When on Medicare they will cover up to 80% of your hospital and doctor office visits leaveing the 20% for you to cover yourself. You have a few ways of paying for the rest of the 20%. you could pay out of pocket, but that can be very very expensive. Or you can get something called Medigap also known as a Medicare supplement plan.
If you're a Medicare beneficiary in Wisconsin, Medicare Supplement (Medigap) insurance can help with certain costs that Original Medicare (Part A and Part B) doesn't cover. While Original Medicare covers a variety of hospital and medical services, the federal program doesn't cover all expenses, and you'll still be responsible for paying certain medical costs out of pocket.
you'll need to pay cost sharing (such as copayments and coinsurance costs) after Original Medicare has paid its share of covered benefits. Depending on your health and how often you require certain health-care services, these costs can get expensive over the course of a year.
Also known as Medigap
That's where Medicare Supplement insurance comes in. Longterm Health Insurance, also known as Medigap, Medicare Supplement plans in Wisconsin cover some of the costs not paid for by Original Medicare. These plans are offered by private insurance companies. While most states offer 10 standardized Medigap plans, Medicare Supplement coverage is standardized differently in Wisconsin.
All Medicare Supplement plans in Wisconsin must cover the following "basic benefits"
One of your Medigap options in Wisconsin is the "Basic Plan," which covers:
All basic benefits
Medicare Part A skilled nursing facility coinsurance
An additional 175 days of inpatient mental health coverage per lifetime, on top of what Medicare covers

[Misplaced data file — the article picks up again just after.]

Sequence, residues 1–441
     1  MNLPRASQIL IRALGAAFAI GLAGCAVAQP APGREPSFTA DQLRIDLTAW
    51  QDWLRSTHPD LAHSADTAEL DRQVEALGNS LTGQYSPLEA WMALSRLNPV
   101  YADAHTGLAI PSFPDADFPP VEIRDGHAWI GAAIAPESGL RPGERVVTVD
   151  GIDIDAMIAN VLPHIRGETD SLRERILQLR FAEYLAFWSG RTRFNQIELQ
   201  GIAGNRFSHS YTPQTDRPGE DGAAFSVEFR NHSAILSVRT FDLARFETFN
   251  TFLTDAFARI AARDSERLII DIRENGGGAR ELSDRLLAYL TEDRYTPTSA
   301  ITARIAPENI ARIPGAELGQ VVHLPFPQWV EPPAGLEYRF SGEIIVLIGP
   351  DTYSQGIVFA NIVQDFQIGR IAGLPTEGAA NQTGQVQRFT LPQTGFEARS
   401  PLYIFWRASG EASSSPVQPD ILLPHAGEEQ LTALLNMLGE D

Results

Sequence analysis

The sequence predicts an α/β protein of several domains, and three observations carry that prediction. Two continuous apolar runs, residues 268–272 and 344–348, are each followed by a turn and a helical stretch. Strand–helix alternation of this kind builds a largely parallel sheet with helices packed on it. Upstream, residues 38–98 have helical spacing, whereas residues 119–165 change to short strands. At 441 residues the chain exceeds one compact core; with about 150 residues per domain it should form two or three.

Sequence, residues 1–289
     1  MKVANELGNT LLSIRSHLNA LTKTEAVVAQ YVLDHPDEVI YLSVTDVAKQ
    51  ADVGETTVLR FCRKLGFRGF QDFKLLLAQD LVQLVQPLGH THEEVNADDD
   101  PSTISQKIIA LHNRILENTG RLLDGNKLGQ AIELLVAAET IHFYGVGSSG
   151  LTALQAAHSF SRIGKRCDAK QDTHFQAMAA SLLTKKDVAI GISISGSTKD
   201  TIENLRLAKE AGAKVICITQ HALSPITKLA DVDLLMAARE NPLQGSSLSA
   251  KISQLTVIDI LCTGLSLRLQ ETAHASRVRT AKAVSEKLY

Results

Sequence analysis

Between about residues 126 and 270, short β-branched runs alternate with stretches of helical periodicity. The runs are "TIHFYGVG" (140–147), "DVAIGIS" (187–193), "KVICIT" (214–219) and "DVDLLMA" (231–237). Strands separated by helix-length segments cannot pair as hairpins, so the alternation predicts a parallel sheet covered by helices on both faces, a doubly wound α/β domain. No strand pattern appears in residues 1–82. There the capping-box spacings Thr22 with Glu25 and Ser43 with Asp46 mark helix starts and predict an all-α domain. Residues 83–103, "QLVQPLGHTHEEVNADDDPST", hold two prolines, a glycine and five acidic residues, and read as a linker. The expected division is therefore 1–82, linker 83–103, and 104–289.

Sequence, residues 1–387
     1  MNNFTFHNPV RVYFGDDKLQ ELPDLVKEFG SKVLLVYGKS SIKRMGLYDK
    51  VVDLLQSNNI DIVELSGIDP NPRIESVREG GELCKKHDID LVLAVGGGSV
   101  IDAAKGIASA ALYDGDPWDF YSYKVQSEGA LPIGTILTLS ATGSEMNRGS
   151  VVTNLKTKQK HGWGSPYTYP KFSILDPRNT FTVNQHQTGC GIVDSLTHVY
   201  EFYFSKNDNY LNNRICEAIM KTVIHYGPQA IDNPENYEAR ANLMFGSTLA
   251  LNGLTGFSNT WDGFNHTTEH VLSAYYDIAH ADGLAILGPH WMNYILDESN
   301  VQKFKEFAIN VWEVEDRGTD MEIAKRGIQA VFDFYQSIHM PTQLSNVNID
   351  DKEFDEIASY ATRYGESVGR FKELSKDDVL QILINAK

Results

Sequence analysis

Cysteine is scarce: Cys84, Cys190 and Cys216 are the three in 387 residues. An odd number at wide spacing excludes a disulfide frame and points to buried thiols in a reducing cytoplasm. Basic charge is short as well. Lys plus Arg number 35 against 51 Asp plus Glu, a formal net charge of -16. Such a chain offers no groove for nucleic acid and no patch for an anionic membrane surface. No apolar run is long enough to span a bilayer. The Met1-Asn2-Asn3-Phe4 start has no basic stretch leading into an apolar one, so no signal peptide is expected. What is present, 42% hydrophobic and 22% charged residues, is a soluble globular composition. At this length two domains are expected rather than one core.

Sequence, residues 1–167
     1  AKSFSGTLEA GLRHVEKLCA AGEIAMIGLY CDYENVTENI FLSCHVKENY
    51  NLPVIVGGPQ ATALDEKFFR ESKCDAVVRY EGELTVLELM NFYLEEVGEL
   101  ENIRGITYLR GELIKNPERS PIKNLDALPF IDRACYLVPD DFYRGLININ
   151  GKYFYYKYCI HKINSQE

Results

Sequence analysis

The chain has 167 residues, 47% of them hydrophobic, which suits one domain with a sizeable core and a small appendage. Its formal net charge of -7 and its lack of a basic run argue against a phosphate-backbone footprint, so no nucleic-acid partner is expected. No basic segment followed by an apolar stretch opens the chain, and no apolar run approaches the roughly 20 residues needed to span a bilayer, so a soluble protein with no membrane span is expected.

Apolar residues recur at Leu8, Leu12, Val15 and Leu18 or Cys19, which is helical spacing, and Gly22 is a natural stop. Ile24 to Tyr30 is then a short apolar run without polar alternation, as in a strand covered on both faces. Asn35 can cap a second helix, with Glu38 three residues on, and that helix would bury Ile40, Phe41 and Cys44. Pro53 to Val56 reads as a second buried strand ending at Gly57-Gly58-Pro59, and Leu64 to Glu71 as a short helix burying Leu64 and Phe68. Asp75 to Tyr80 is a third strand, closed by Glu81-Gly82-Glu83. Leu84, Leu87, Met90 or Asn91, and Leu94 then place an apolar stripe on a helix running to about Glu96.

An additional 40 home health care visits, on top of what Medicare covers
State-mandated benefits, such as preventive services
Beneficiaries in Wisconsin also have the option to add on "riders" to their Medigap coverage. These riders are optional benefits that help with costs like the Part A deductible, Part B deductible, Part B excess charges, and more.
Wisconsin also offers two Medigap plans that help with your Original Medicare costs on a 25% or 50% cost-sharing level. These plans are similar to Medigap Plan K and Plan L available in other states.
Medicare Supplement plans don't cover prescription medications, but you can enroll in a Medicare Prescription Drug Plan to get this benefit with your Original Medicare coverage. Keep in mind that Medigap coverage can't be used with Medicare Advantage plans; you can only use them to pay for costs related to Original Medicare.
Incline.Media is owned and operated independently of our users, a make no claim to their viability. When it comes to Medicare Supplements we suggest you contact a licensed medicare supplemental insurance agent in your area or call our friends at 1-800-MEDIGAP .
This Website serves as an invitation for you, the customer, to inquire about further information regarding Medicare Co-Insurance or Medicare insurance, and submission of your contact information constitutes permission for an agent to contact you with further information, including complete details on cost and coverage of this insurance if you desire.
Many of our customers in this category are licensed agents that may call you and are not connected with or endorsed by the U.S. Government or the federal Medicare program. Medicare has neither reviewed nor endorsed the information contained on this website. This is not a complete listing of plans available in your service area. For a complete listing please contact 1-800-MEDICARE or consult www.medicare.gov (TTY users should call 1-877-486-2048), 24 hours a day/7 days a week or consult www. href="http://www.medicare.gov">medicare.gov.